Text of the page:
There was a nice logo for 1994, but no World Series. During the season, the owners and the union were negotiating a replacement for the collective bargaining agreement (CBA) that had expired. The negotiations failed, and the players went out on strike August 12. When the impasse continued into September, the postseason was called off.
The dispute carried over to 1995, and the owners prepared to start the season with replacement players. The union went to court and won a ruling from Judge (now Justice) Sonia Sotomayor that the owners had bargained in bad faith. The owners were forced to open spring training and temporarily operate under the expired CBA. Baseball was back.
The American League player representative in the labor negotiations was David Cone of the Royals. When President Obama appointed Sonia Sotomayor to the Supreme Court in 2009, Cone was among those testifying on her behalf at the Senate confirmation hearings. Speaking of David Cone…
The Royals in 1994: The Royals were playing well when the 1994 season was cut short. They had a record of 64-51 and were four games behind the first place White Sox in the Central Division. Two of their players received major awards: David Cone won the AL Cy Young and Bob Hamline was the AL Rookie of the Year.
Cone was originally drafted by the Royals in 1981, but was traded to the Mets in 1987. He moved to Toronto in 1992 and became a free agent at the end of the season. He was then signed by…the Royals. He played in KC in 1993 and 1994 before moving on to other teams to complete a 17-year career. In recent years, he has been a color commentator for Yankees TV games. This season, the Yankees had a David Cone bobblehead night to celebrate the 20th anniversary of his perfect game against the Expos at Yankee Stadium on July 18, 1999.
Cone’s career and his take on the philosophy and science of pitching are the subjects of a book published earlier this year with co-author Jack Curry (Full Count: The Education of a Pitcher). My old friend Jay DeSimone gave me a copy signed by Cone. It’s a good read.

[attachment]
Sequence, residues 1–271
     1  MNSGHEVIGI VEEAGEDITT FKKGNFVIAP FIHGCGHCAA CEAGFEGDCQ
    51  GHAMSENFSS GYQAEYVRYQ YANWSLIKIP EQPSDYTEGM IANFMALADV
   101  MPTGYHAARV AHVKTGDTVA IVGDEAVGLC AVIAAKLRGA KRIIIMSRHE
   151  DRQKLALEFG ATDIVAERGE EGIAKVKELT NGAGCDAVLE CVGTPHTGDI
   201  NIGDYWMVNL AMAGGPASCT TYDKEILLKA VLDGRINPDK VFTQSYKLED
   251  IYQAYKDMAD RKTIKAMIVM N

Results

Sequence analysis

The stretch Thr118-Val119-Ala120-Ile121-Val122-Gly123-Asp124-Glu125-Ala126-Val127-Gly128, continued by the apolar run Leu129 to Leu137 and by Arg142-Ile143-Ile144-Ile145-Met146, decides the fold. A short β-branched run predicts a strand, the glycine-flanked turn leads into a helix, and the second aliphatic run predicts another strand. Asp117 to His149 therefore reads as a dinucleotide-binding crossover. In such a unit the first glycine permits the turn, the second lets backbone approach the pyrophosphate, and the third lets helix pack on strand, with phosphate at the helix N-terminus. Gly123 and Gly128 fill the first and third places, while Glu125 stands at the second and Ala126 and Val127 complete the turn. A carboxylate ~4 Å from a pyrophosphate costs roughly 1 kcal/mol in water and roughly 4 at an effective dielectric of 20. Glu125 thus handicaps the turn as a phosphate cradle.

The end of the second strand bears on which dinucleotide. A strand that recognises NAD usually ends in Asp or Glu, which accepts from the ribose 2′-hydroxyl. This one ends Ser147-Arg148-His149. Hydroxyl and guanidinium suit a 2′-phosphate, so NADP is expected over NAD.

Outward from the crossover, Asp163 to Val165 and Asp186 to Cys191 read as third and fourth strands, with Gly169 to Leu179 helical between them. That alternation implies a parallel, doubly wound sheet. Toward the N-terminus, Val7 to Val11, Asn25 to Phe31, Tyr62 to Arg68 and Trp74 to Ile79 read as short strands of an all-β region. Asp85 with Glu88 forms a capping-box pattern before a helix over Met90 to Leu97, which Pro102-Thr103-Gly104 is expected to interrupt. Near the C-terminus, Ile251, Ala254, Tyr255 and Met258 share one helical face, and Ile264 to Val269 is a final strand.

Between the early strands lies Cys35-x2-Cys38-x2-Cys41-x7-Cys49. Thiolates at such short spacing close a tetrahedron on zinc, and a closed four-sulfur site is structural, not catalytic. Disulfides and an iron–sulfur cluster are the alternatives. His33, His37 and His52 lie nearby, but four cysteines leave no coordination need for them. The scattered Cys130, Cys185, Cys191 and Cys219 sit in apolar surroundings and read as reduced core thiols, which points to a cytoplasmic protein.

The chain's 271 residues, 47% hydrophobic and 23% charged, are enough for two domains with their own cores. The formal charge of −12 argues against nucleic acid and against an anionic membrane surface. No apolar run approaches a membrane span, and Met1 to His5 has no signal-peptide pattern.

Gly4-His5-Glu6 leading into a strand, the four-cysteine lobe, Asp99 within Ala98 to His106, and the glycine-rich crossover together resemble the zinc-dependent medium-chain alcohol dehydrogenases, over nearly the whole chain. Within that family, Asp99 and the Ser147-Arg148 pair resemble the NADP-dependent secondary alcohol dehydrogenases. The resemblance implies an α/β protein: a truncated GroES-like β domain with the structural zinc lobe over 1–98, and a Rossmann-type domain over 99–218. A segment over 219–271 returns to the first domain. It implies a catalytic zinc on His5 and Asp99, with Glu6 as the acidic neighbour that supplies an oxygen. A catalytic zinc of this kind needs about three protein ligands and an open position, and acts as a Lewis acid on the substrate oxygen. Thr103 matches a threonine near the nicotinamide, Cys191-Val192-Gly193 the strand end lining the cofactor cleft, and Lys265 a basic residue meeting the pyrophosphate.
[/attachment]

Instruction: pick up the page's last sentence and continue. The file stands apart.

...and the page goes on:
Lonnie’s Jukebox – 1969 Series: Woodstock was an example of good music in 1969, but just as impressive is the list of Billboard’s top 100 songs of the year. Check out the list here. Some real classics. Many great artists (except for the top song of the year – “Sugar, Sugar” by the Archies, a fictional band). Skipping past that one leads to the Stones, CCR, Tommy James, Sly and the Family Stone, Temptations, Three Dog Night, Elvis, Doors, Dylan, etc. Three songs from the Broadway musical Hair. The Boston Red Sox 8th inning anthem, “Sweet Caroline.” Johnny Cash’s biggest single, “A Boy Named Sue.” A Beatles record with a hit on both sides, “Something” and “Come Together.”
Too many to choose from. So I’m taking an objective approach and linking the three that spent the most time at #1:
7 weeks – Marvin Gaye – “I Heard it Through the Grapevine”
6 weeks – Zager and Evans (one-hit wonder) – “In the Year 2525”
6 weeks – Fifth Dimension – “Aquarius/Let the Sunshine In”
Lonnie’s Jukebox – 2019 Series: In January of this year, a new hit entered the Billboard charts. It was Pinkfong’s “Baby Shark.” It went viral. A real earworm. And I missed the whole thing.
But the Washington Nationals have educated me. Have you seen their fans and players doing that shark motion thing? Click here for a video (1:37).
Early in the season, Nationals outfielder Gerardo Parra was in a slump (0-22), and the team still had a losing record (33-38). Parra decided on a change. He chose a new walk-up song, an earworm ditty that his 2-year-old daughter kept playing at home. Parra started hitting, the catchy song was embraced, and “Baby Shark” evolved from a walk-up song to an anthem for the team. Sales of shark toys and costumes shot up in the Washington area – they can be seen all over Nationals Park.
Click here for an animated version of the song (2:16; note that this version has been watched some 3.7 BILLION times). Caution: You may catch yourself hearing “doo doo doo doo doo doo” the rest of the day.
Go Baby Sharks! Go Nationals!